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Le Fresnoy fête ses 20 ans

MUBI Special

El juego

Benjamín Naishtat France, 2010

With his third feature film, Rojo, having just premiered in Toronto, we are delighted to present one of Benjamin Naishtat’s first films, a short selected in Cannes! Set in an atmospheric jungle, El Juego raises questions about the banality of violence, alluding to Argentina’s troubled past.

Where Is the Jungle?

Iván Castiñeiras Gallego France, 2015

By exploring an ambiguous space in time, set in the Amazon, Iván Castiñeiras Gallego meditates on the border between modernity and tradition, and the relations between native and Westernized cultures. Where is the Jungle? is an intellectually stimulating and formally surprising experience.

Traveling on One Leg

Alexandru Petru Bădeliţă France, 2015

Based on Herta Müller’s eponymous novel, this film explores the psychological crevasses of a young woman’s mind. By using both astonishing cinematography, shot entirely in 4:3 aspect ratio, and cutout animation, the protagonist’s emotions and imagination are evocatively illustrated.

Le Park

Randa Maroufi France, 2015

Selected at the prestigious Clermont-Ferrand Short Film Festival, and later a prizewinner at Rotterdam, this is an experimental wander through an abandoned theme park (Casablanca’s Arab League Park) — intriguingly juxtaposing footage of children at play with their lives online.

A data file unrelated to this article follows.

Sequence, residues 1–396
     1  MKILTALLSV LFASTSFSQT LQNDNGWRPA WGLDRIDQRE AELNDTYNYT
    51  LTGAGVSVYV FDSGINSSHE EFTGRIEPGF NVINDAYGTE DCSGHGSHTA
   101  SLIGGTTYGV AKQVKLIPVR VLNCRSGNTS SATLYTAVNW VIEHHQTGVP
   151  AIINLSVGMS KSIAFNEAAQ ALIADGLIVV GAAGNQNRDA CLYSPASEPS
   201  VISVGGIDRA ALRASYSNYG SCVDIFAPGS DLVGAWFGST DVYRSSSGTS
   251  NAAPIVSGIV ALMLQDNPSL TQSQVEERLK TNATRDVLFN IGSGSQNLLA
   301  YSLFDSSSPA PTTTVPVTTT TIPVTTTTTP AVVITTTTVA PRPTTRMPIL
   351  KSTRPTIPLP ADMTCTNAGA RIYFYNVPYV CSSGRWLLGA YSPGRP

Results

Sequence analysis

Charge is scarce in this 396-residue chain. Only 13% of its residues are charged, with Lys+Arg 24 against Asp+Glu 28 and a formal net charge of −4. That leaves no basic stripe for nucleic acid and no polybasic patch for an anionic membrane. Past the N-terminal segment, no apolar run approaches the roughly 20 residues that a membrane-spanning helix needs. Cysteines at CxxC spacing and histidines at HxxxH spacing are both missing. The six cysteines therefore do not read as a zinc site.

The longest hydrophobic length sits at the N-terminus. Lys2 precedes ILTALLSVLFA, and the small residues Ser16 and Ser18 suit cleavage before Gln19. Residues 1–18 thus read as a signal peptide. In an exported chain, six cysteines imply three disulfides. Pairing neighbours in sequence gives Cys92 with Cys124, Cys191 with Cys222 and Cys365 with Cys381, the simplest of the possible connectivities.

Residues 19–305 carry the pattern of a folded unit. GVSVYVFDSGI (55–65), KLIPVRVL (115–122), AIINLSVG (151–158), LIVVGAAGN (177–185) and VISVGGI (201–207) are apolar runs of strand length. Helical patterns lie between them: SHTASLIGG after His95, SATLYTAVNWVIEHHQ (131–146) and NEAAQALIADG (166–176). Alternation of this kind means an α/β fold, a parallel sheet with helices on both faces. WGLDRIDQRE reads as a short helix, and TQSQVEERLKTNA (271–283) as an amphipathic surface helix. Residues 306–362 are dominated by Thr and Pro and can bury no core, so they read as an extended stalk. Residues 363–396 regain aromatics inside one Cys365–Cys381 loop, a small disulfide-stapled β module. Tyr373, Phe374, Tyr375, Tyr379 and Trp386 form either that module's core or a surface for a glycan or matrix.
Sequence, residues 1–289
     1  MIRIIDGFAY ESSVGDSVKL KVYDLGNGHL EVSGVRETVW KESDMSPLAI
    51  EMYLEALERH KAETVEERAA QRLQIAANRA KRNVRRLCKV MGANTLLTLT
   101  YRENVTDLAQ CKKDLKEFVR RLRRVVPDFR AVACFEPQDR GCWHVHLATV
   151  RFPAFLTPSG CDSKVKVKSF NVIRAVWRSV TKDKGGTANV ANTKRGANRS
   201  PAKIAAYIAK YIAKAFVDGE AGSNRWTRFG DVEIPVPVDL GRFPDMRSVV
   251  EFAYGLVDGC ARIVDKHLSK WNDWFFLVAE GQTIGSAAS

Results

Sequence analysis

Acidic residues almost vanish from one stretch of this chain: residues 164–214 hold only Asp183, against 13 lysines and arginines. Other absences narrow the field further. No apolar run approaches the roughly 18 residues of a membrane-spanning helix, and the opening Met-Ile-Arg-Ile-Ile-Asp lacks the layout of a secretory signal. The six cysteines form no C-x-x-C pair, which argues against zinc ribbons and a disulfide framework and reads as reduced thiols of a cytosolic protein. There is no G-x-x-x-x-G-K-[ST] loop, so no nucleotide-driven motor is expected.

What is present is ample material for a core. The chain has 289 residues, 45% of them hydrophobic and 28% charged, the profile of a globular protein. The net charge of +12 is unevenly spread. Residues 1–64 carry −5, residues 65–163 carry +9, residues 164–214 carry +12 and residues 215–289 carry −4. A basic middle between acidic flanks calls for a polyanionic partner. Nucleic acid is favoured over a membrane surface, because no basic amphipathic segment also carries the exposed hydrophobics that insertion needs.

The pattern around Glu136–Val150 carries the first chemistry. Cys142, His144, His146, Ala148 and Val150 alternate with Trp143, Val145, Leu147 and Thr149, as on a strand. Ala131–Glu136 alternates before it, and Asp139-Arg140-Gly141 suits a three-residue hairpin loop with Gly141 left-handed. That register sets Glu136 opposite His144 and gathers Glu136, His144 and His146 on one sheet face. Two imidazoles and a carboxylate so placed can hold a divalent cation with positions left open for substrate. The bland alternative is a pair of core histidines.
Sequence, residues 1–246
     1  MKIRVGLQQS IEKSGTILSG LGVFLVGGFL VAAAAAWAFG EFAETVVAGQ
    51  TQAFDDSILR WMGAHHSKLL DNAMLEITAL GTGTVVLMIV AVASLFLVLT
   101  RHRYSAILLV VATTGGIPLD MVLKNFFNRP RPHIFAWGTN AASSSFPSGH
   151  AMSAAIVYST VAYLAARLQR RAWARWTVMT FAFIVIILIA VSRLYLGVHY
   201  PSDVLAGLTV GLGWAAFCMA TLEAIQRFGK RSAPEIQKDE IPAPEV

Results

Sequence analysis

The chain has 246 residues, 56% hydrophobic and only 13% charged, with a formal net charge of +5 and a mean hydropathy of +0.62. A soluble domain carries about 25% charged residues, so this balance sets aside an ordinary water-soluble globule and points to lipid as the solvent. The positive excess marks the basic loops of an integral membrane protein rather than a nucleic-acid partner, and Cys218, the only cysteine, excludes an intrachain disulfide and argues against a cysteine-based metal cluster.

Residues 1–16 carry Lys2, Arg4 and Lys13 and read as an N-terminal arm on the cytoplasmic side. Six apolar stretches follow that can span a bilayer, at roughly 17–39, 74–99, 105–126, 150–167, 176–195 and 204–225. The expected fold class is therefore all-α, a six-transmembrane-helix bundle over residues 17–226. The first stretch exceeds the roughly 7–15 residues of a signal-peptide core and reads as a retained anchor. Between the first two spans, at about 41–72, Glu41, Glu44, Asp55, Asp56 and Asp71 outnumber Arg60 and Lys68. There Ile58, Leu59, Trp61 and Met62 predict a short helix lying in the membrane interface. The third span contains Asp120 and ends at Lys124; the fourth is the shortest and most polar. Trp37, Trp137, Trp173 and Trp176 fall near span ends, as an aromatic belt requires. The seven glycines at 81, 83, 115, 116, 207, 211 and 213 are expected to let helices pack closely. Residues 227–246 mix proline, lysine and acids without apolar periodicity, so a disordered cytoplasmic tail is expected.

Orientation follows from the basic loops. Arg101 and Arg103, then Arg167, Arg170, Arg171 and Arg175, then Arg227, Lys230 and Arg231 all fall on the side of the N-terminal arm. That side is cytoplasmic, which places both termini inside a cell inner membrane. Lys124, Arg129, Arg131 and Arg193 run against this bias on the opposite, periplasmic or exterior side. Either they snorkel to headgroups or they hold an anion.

What Makes Me Take the Train

Pierre Mazingarbe France, 2013

From emerging French filmmaker Pierre Mazingarbe, this reinterpretation of the Orpheus & Eurydice myth moves and manoeuvres between the contemporary and classical, revisiting a story endlessly rewritten and rendering it here in oneiric imagery and austere black-and-white.

The Burn

René Ballesteros Chile, 2010

An autobiographical diary-documentary from director Rene Ballesteros and his sister, made 26 years after the disappearance of their mother upon the strange discovery of a series of her paperback books. A riveting central mystery that gradually reveals both family and national history.

A Radiant Life

Meryll Hardt France, 2013

Meryll Hardt’s impressive and Tati-esque short documentary has an architectural slant, its inorganic setting built from solid colors, oppressively clean-cut lines and rigid edges. Not quite ruin-porn, it provocatively theorizes modernity (that is, the 1950s) as a nightmare of geometry.

Life is too short for bad films

Every day we hand-pick a beautiful new film and you have a whole month to watch it, so there’s always 30 perfectly curated films to discover.